By Larry Gellar
Today we’ll be taking a look at the 5 most traded NASDAQ stocks from a recent trading session. While Cisco (NASDAQ:CSCO) and Intel (NASDAQ:INTC) have struggled, the big story is Research In Motion (RIMM), which had some rather disappointing things to say at its latest conference. The newest Internet IPO Zynga (NASDAQ:ZNGA) also didn’t go as well as planned. Clearly, uncertainty in the marketplace is affecting the performance of these 5 stocks. Let’s see what specifically has been affecting them:
Zynga Inc. (ZNGA) – This stock had its initial public offering on Friday but finished down about 5%. In fact, after poor showings from Pandora (NYSE:P), Groupon (NASDAQ:GRPN), and Nexon (traded outside the US), this wasn’t terribly shocking. As discussed here, investors were worried about how much the Internet gaming company relies on Facebook as well as questions about how Zynga will grow in the future. Another concern is that CEO Mark Pincus has a large amount of voting power in the company despite a relatively small share of the equity. In fact, here’s what Pincus had to say about that issue:
Investors who want to see the company deliver long-term value are going to be better served by the fact that I can continue to ensure the company keeps its focus on the long term and we don't let short-term swings and opportunities reduce that.
Regardless of what you think of Mark Pincus, Zynga is one way for investors to get exposure to Facebook before that company goes public. Additionally, the IPO was successful in the sense that Zynga was able to raise $1 billion – the most that an Internet company’s been able to raise since Google’s (NASDAQ:GOOG) $1.9 billion IPO in 2004.
Microsoft Corporation (NASDAQ:MSFT) has been up a bit the past few days, and it appears that the company won’t have to deal with a lawsuit from Novell Inc. for the time being. Novell, former maker of the WordPerfect software, claims that Microsoft allowed it to develop software for Windows 95 but then canceled on them in order to benefit their own Office suite. Novell says that it did not sue earlier because of other antitrust situations surrounding Microsoft, and the trial will have to be re-done due to a deadlocked jury.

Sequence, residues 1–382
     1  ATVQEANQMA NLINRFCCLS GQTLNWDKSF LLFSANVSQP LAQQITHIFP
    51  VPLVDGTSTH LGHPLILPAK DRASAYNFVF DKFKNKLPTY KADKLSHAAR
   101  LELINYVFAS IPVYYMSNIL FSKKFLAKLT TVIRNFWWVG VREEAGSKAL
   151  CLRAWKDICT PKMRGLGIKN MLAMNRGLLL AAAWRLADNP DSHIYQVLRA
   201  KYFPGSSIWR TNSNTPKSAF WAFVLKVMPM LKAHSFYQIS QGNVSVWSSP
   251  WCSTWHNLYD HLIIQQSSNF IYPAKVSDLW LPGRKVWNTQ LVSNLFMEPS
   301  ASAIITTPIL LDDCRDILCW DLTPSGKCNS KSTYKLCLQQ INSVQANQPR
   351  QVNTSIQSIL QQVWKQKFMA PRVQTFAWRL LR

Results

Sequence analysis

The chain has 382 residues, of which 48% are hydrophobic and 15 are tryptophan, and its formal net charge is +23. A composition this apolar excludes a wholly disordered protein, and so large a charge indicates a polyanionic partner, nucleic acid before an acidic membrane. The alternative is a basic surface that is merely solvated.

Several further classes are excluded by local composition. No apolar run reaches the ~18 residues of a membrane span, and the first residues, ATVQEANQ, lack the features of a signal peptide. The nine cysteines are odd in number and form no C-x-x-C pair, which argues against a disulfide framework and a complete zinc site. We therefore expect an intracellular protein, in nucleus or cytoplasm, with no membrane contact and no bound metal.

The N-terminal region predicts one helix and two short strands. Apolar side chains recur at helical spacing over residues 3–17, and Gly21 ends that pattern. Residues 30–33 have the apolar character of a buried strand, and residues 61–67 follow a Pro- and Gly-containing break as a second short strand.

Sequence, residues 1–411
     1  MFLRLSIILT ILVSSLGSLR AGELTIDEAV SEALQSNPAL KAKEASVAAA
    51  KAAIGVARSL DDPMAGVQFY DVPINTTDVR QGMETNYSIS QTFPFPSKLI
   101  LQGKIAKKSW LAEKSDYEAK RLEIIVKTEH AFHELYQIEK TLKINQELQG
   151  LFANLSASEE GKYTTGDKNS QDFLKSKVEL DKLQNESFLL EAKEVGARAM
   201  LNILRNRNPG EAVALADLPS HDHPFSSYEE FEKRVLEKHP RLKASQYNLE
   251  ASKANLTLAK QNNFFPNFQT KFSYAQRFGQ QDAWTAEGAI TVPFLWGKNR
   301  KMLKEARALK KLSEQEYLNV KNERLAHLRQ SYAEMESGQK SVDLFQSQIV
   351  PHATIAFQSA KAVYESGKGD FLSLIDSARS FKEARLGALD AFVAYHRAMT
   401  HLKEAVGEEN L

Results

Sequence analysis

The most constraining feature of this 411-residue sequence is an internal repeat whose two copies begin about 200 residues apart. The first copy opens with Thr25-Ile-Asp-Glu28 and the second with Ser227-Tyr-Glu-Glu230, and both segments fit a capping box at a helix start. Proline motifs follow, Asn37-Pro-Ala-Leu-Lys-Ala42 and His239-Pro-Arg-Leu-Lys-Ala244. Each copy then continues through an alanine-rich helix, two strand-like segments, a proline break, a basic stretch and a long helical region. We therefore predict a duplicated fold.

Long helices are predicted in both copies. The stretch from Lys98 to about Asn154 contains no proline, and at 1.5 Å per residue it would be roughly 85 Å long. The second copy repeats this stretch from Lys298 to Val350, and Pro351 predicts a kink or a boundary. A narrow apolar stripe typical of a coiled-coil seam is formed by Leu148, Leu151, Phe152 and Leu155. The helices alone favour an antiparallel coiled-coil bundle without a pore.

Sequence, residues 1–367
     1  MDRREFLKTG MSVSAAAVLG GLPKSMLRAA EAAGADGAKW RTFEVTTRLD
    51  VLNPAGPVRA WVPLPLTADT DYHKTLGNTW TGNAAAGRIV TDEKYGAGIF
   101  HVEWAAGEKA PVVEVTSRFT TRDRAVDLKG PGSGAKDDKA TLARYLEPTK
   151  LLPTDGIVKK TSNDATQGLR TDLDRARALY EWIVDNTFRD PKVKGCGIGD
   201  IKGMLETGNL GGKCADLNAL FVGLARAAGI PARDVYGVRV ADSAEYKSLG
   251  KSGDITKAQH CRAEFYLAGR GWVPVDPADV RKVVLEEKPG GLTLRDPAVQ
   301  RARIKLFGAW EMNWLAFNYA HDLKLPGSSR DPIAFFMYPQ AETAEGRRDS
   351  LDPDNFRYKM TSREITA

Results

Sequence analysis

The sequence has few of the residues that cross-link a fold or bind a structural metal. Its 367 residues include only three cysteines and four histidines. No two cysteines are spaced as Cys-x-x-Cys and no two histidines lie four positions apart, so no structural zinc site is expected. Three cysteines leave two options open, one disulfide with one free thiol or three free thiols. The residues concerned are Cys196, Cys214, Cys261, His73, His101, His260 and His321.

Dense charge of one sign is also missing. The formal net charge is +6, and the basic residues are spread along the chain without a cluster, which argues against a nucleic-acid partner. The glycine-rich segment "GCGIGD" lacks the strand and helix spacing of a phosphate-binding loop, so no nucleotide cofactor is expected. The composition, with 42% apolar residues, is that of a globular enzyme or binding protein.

In other news, Microsoft in conjunction with private equity firm Silver Lake and venture capital firm Andreessen Horowitz could be preparing to make a new offer for a 10 to 15 percent stake in Yahoo (NASDAQ:YHOO). That’s the type of move that would definitely add value for MSFT shareholders, provided that the company pays a reasonable price. Important competitors for Microsoft include Apple (NASDAQ:AAPL), Google, and Oracle (NYSE:ORCL). Microsoft has the lowest price to earnings and price to sales ratios out of those companies, although its price/earnings to growth ratio is the highest. Meanwhile, margins for Microsoft are terrific – those numbers are 77.20% gross and 38.78% operating. MSFT stock has a beta of 0.98.
Cisco Systems, Inc. (CSCO) has been down a bit lately, which means now could be a good entry point. The stock has been unnecessarily beaten down and should be one of the first to benefit once governments increase spending on networking equipment. Cisco is strong financially as well, bolstered by its recent efforts to cut costs. On the other hand, investors should take note of the departure of David Lawler. Lawler was crucial for Cisco’s success with servers in his role as vice president of the Unified Computing System Server Access Virtualization Business Unit.